Catches the ball facing the basket just outside right elbow and hits a wide-open jump shot. J.J. Barea created the play by penetrating down the middle and dishing to Dirk. (14 points, 6-7 FG, 2-2 FT)

Catches the ball with back to basket a few feet inside the 3-point line on right side of the floor against Tim Duncan, who was called for a foul on Dirk’s baseline drive. (16 points, 6-7 FG, 4-4 FT)

Catches the ball a few feet below the right elbow with the Spurs caught in a poor rotation. With Parker the only player within five feet, Dirk immediately goes up for an easy 12-foot jumper that he misses. (16 points, 6-8 FG, 4-4 FT)

Catches the ball facing the basket a few feet above the left elbow against Roger Mason Jr. after a pick-and-roll with Jason Kidd. After two strong dribbles with his left toward the basket, Dirk goes up for an and-1 fadeaway. Parker’s double came too late. (19 points, 7-9 FG, 5-5 FT)

THIRD QUARTER

Catches the ball 16 feet from the basket by the left baseline after pick-and-pop with Kidd and goes straight up for a wide-open jumper. (21 points, 8-10 FG, 5-5 FT)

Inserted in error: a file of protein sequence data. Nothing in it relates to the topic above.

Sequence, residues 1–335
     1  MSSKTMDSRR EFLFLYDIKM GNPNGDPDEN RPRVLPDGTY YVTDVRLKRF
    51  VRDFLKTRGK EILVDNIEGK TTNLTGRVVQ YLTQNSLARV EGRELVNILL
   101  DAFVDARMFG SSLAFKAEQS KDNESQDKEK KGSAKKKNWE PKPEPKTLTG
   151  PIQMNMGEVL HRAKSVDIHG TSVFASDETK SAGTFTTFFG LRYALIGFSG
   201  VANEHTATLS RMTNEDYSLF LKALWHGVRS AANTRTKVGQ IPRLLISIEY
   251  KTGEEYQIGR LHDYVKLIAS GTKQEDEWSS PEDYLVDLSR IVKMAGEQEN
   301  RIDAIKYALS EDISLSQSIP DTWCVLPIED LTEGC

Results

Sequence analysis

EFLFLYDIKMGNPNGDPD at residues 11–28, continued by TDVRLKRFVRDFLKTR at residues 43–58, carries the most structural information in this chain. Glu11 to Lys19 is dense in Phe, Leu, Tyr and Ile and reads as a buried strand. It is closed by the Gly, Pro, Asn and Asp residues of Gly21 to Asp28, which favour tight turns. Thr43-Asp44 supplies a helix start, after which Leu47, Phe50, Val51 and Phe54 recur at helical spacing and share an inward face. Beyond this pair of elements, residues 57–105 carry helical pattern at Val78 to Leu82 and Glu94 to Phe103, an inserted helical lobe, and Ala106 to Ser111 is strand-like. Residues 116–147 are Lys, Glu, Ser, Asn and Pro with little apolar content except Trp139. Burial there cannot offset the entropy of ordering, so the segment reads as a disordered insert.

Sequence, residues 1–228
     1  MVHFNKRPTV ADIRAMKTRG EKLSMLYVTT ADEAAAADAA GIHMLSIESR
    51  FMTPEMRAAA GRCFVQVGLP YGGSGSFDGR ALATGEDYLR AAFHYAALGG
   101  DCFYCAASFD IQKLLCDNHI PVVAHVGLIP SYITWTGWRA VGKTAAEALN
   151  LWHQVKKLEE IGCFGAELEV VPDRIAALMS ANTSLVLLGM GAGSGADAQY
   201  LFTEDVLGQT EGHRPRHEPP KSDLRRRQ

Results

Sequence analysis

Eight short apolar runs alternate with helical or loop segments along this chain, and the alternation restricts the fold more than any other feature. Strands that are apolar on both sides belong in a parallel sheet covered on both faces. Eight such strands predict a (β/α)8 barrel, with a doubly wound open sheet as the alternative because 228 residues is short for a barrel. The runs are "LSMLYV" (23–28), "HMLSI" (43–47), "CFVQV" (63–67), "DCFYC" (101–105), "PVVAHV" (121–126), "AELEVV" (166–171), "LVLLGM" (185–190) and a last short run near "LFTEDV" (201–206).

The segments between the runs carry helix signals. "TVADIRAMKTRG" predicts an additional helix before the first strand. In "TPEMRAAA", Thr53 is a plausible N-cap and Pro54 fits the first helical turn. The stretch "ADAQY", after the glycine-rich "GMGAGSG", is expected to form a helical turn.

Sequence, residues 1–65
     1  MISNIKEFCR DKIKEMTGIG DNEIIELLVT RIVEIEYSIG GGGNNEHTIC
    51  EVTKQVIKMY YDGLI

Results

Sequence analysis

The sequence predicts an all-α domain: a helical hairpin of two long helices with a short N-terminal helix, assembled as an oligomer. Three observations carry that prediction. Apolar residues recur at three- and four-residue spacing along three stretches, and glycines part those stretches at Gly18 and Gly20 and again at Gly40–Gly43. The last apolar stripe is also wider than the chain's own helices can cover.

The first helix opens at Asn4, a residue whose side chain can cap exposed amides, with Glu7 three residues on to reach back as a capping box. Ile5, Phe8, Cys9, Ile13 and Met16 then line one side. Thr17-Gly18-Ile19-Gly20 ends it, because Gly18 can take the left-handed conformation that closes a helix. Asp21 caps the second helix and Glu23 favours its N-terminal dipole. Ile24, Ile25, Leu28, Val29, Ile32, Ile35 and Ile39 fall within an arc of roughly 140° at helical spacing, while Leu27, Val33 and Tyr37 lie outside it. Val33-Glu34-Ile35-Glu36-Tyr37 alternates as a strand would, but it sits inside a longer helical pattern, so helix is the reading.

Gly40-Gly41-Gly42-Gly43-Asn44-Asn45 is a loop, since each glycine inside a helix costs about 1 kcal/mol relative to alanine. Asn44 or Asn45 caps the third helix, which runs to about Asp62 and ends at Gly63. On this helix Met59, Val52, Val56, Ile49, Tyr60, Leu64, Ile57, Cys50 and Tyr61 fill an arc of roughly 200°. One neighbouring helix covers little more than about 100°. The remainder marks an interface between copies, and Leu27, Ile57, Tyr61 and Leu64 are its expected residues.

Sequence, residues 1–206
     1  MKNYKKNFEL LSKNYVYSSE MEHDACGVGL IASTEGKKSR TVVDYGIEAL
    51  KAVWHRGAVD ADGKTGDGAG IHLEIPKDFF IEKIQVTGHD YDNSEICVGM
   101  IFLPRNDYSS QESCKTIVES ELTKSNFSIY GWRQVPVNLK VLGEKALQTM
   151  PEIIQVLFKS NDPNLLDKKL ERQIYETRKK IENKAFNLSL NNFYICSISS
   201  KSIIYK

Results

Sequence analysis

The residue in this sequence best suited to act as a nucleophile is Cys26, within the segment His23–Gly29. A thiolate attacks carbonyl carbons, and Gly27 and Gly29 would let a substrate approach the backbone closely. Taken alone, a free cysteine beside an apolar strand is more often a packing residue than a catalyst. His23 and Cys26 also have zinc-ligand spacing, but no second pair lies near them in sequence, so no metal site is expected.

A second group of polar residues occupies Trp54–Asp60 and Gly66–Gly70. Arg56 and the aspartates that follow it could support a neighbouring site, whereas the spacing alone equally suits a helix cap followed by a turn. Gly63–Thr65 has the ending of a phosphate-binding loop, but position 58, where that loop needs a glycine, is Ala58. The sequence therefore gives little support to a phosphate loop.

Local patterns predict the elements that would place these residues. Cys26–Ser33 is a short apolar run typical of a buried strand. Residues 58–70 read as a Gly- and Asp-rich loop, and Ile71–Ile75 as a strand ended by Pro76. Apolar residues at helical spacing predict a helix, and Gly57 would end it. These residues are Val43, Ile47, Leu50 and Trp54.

Catches the ball 19 feet from the basket with McDyess closing after another pick-and-pop with Kidd. After getting McDyess to bite on a shot fake, Dirk takes one dribble to his left and hits a wide-open jumper from the right elbow. (23 points, 9-11 FG, 5-5 FT)

Catches the ball at 3-point arc on left wing against Bonner, who is called for a foul while trying to recover after Dirk beats him with a drive to the left. (25 points, 9-11 FG, 7-7 FT)

Catches the ball between the right block and elbow on a re-post against Bonner. Manu Ginobili doesn’t double again, so Dirk faces up and hits a 13-foot jumper. (27 points, 10-12 FG, 7-7 FT)

Catches the ball in pretty much the same spot as the previous possession. Faces up and takes his time with no double-team coming before hitting an and-1 jumper over Bonner. (30 points, 11-13 FG, 8-8 FT)

Gets mugged without the ball by Keith Bogans while trying to set up high pick-and-roll with Kidd. (32 points, 11-13 FG, 10-10 FT)

FOURTH QUARTER

Catches the ball above the left elbow against McDyess, who is whistled for a foul when Dirk drives hard to his left. (34 points, 11-13 FG, 12-12 FT)

Catches the ball with back to basket between the left block and elbow, a few feet outside the paint, against Jefferson, who got matched up with Dirk in transition. No double comes, and Dirk hits a baseline turnaround fadeaway after a couple of dribbles. (36 points, 12-14 FG, 12-12 FT)